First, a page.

The Monkey in the Mirror - Essays on the Science of What Makes Us Human, by Ian Tattersall, 2002.
Review by John Loofbourow, MD
Tatersall is a curator for the American Museum of Natural History, in the division of Anthropology. He studied lemurs in Madagascar, where an astonishing diversity of our beautiful little primate relatives is to be found. He noted than some linear order expected by a simple Darwinian process. He noted a similar expected diversity as seen in other animal groups with one exception: Homo sapiens. Later as a paleoanthropologist, he realized the accumulated fossil record reveals a fairly diverse group of erect hominids existed in the remote past, yet all disappeared except one. Why?
Tattersall notes that the unique human attribute, apparently shared by no other earth life form, is the extensive use of metaphor, or symbols, including but not limited to language. Words, for example, are symbols for an infinity of other things like persons, places, objects, numbers, ideas, and emotions. Much of the beauty of word-metaphor is to be found in it’s imprecision, just as the beauty of number-metaphor can be found in relative precision. Art is also metaphor, as in poetry, painting, plastic art, or literature. But why, how did H. sapiens develop this ability? Why did not the use of symbols develop slowly in traditional Darwinian terms? Tattersall proposes a new subset of evolutionary rules.
I picked this book up after being intrigued by a Tattersall piece I read somewhere in a magazine. The book, presented as a series of essays, seems more like a typical primer for non scientists, because all the essays are related, leading to and supporting the author's thesis in Chapter 6 titled "How Did We Achieve Humanity?" The introductory chapters include topics like the scientific method being based on doubt; evolution. In Chapter 5 he reviews the accumulated record of paleoanthropology, leading to Cro-Magnons, apparently the first hominids to use symbols. Here for the first time, 30,000 years ago, suddenly and without precedent, the record reveals "Sculpture, engraving, painting, body ornamentation, music, notation,…(and) elaborate burial of the dead…".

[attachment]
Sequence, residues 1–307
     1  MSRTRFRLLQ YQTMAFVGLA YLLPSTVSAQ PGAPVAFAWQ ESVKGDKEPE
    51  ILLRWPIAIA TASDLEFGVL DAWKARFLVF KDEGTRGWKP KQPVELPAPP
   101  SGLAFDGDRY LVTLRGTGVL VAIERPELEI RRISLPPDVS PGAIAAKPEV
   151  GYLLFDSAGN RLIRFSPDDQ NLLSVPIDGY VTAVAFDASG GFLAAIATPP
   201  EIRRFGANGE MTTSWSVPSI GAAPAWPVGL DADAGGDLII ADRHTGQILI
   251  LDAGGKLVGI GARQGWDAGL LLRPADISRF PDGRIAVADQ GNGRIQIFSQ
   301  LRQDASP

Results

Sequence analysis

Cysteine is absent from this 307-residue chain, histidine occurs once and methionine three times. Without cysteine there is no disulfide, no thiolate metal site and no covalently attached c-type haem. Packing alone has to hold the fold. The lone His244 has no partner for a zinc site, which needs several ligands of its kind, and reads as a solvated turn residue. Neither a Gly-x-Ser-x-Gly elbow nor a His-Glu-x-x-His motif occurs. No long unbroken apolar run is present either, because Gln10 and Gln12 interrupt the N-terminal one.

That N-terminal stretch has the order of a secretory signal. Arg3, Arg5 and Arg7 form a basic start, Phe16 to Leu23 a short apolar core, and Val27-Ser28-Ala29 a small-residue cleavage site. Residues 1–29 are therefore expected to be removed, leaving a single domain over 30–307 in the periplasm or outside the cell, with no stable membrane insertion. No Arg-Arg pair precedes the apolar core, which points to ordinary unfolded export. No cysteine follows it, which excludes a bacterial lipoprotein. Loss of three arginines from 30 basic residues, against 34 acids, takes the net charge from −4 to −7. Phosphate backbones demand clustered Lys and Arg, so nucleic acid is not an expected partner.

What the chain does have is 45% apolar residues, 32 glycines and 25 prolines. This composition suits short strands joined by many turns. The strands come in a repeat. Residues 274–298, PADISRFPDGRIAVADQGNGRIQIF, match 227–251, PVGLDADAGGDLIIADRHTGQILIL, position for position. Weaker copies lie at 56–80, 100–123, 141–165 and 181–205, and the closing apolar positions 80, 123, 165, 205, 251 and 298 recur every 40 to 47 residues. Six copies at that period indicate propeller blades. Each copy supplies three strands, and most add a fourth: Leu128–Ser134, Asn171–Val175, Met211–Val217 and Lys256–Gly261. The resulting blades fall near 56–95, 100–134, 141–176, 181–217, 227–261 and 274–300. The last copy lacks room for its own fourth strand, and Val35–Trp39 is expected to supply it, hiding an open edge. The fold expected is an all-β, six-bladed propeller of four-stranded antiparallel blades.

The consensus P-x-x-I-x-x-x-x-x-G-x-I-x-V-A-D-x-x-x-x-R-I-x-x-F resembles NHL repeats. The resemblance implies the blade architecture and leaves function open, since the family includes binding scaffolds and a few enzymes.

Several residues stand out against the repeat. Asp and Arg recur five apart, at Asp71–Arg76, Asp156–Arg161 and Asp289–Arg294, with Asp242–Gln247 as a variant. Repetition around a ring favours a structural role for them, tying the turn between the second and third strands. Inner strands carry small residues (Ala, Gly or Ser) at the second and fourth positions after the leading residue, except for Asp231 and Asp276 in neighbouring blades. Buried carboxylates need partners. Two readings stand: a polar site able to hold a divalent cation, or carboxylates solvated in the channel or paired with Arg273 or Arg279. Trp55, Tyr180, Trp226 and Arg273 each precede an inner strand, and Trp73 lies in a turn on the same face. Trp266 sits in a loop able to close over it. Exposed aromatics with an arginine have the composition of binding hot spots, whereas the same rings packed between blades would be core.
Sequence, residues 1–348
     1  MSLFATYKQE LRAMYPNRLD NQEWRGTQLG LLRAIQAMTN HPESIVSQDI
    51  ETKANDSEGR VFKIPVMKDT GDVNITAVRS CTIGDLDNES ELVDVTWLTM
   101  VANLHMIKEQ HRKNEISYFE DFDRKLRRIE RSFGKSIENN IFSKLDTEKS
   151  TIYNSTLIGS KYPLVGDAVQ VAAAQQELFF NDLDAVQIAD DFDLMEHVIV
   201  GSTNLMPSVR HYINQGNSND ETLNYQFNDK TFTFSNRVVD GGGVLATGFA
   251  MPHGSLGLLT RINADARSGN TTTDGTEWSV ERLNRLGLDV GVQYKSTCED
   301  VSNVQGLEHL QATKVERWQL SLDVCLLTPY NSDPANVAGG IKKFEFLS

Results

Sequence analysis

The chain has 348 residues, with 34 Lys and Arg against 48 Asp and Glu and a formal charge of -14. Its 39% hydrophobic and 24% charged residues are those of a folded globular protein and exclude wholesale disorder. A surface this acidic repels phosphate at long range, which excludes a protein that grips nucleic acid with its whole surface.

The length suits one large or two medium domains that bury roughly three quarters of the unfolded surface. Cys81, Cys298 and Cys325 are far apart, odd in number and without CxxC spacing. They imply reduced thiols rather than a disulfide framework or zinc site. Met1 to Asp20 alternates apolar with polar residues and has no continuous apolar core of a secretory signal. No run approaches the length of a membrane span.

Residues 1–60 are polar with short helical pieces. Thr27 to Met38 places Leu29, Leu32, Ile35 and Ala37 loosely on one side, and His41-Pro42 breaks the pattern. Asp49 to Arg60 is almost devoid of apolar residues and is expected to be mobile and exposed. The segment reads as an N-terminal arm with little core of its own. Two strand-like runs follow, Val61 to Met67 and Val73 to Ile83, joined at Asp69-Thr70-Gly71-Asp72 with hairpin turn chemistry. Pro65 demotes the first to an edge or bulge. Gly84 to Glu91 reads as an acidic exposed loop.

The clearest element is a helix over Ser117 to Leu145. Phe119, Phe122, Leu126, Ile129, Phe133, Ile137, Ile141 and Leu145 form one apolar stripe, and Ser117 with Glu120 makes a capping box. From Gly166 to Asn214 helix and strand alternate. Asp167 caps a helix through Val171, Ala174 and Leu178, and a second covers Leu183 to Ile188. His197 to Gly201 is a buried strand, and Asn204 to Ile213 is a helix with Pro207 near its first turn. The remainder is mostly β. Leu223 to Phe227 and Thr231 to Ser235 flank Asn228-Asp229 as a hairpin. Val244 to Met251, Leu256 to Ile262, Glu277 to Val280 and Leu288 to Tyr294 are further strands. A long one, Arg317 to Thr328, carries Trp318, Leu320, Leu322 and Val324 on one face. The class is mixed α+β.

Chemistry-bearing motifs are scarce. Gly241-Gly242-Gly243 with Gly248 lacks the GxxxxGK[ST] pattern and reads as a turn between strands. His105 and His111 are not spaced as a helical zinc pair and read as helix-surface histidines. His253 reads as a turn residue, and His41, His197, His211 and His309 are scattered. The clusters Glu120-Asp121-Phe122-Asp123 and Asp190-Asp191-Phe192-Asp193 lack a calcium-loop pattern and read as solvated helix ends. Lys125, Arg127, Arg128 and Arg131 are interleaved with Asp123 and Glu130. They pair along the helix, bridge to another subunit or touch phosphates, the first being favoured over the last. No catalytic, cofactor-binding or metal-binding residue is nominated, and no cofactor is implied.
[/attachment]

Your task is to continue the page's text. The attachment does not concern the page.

Then Tattersall formally introduces s his neo Darwinian position: that evolution can take place by huge leaps when latent capabilities, having been developed slowly over the millennia to some other purpose; or to no apparent purpose whatever, floating unobtrusively in the genetic soup because they don't cause any problems. Suddenly then, these latent capabilities are put to a new and unforeseen use. It is a sort of Darwinian serendipity, which he calls "exaptation" in contrast to adaptation.
The rest of these two remarkable essays ( chapters 5 & 6), is a refinement of that exaptation statement, especially interesting where language is concerned. He rejects the ideas put forth in Richard Dawkins' book, "The selfish Gene" ( where genes tend to perpetuate themselves in their offspring, as though they had minds and a will to use them), although I assume he would accept the idea of the importance of "memes" ( ideas which tend to perpetuate themselves).
I do recommend this book. The author is readable and competent. I found his thesis clearly stated and well presented, and I felt it was valid. Many of the essays are just background however, and if one were fairly comfortable with scientific dogma, and wished to read efficiently, one could just skim to chapters 5 and 6. There, in my opinion, the real value of the book is clearly and eloquently stated.